“As women, we are created to build men up, not tear them down. This doesn’t mean we lower our standards and accept mediocrity. Rather, it means that we motivate guys to rise up to the standard of Christ through words and attitudes of encouragement instead of disgust.”[i]
Beautiful and wise (1 Samuel 25:3), but married to a fool.
Nabal, her husband, refuses to give food to David’s men and David plans to kill him. Abigail intercepts him, treats him with respect and reminds him of his true calling – fighting the battles of the Lord, not chasing after fools. (Go read the story!)
She speaks truth to him, fearlessly, but in a way that builds him up. He listens to her, appreciates the fact that she saved him from doing something rash and takes her as his wife once Nabal dies.
She becomes the wife of a future king.
Abigail was not a weak woman. She fearlessly took charge of a dangerous situation, while maintaining her true femininity and without breaking David down. She influenced him toward strength and away from weakness.
A man’s response to this kind of woman: he will listen to her, appreciate her, and treat her like a queen.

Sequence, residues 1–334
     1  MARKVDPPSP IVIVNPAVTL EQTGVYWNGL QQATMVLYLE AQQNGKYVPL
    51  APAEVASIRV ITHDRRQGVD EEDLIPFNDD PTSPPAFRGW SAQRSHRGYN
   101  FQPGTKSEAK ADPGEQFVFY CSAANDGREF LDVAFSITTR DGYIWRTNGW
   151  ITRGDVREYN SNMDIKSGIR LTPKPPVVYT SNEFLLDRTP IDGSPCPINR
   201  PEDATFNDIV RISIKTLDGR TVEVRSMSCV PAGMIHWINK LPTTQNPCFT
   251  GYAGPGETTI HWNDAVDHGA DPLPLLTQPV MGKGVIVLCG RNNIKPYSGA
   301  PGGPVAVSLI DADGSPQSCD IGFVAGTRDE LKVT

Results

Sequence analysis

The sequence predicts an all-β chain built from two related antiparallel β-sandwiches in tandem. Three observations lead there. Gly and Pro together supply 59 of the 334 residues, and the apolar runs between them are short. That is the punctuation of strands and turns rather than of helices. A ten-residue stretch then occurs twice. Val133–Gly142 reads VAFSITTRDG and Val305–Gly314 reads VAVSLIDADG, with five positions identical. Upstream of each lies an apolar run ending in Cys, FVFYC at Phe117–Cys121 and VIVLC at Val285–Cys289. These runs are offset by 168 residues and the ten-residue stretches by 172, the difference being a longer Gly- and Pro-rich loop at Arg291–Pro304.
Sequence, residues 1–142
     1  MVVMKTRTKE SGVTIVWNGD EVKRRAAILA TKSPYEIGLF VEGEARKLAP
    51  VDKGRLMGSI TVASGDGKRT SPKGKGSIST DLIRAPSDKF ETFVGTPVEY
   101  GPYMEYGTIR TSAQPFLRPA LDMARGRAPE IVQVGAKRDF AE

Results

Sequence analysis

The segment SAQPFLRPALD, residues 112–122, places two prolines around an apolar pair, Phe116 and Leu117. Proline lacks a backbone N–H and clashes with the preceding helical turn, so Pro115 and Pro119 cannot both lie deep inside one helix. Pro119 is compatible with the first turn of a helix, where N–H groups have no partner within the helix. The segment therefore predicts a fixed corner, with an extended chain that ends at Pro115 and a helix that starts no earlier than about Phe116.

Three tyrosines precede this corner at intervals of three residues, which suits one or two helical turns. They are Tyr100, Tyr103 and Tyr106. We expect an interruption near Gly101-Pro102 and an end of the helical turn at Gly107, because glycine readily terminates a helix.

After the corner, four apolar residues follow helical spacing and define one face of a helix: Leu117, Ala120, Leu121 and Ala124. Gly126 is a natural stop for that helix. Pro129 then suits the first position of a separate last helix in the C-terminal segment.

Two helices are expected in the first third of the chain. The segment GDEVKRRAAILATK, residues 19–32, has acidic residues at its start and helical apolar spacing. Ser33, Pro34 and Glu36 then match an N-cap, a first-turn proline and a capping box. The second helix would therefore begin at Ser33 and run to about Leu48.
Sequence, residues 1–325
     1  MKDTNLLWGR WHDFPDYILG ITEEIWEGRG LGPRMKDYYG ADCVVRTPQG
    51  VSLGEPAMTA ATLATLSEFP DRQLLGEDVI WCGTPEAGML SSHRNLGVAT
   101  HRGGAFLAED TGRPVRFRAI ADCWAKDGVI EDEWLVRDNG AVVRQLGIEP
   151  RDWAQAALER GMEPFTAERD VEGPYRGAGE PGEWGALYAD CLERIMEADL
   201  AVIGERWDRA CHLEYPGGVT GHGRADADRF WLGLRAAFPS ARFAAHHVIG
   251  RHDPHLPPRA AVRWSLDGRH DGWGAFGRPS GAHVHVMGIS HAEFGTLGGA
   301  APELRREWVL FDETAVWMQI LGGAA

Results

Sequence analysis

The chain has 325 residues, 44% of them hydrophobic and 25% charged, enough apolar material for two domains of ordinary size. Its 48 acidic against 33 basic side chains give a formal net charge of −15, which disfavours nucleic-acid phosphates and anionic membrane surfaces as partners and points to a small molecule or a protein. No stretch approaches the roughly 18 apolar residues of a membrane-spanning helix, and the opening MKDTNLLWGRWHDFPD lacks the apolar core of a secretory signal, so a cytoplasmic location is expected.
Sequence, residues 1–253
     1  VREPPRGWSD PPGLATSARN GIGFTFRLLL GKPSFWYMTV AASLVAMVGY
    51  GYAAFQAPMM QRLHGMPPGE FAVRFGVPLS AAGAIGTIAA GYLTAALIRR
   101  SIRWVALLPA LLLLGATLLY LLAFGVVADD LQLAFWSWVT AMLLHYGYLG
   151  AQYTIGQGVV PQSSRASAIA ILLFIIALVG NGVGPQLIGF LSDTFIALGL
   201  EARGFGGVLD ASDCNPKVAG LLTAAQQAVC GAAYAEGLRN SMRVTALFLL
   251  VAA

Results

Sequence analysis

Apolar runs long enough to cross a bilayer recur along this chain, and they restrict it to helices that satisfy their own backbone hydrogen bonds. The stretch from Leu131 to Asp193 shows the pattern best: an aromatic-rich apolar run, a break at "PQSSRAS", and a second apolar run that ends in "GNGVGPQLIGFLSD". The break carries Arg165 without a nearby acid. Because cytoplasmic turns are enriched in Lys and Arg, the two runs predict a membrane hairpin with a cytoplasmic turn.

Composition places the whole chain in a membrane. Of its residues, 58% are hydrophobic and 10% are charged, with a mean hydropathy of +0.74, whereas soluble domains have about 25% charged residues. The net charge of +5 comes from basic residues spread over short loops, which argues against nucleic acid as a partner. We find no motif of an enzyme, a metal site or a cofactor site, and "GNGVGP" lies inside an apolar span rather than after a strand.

Only God can change a man (or woman). Women can help God – not through arrogance, nagging, domination or seduction, but through praying for the men in their lives, treating them with respect, and encouraging them.
Warning! This can’t be feigned. (A man will easily discern false respect.) True respect is an attitude of the heart.
A woman’s heart must be changed in order to treat men well. 1 Peter 3:3,4 speaks of the inward adorning of the heart – a meek and quiet spirit.
“Peter doesn’t mean that beautiful women rarely speak above a whisper, if they speak at all. No. To have a gentle and quiet spirit is to have a heart of faith, a heart that trusts in God, a spirit that has been quieted by his love and filled with his peace. Not a heart that is striving and restless.”[ii]
A heart that is striving and restless will resort to false femininity to have its way, but a heart given to God, resting in Him, will awaken true masculinity.
Which one of these women represents
you? Are you a Michal, a Jezebel, a Bathsheba, or an Abigail?
[i] Leslie Ludy, Answering the Guy Questions, 56
[ii] Stasi Eldredge, Captivating, 134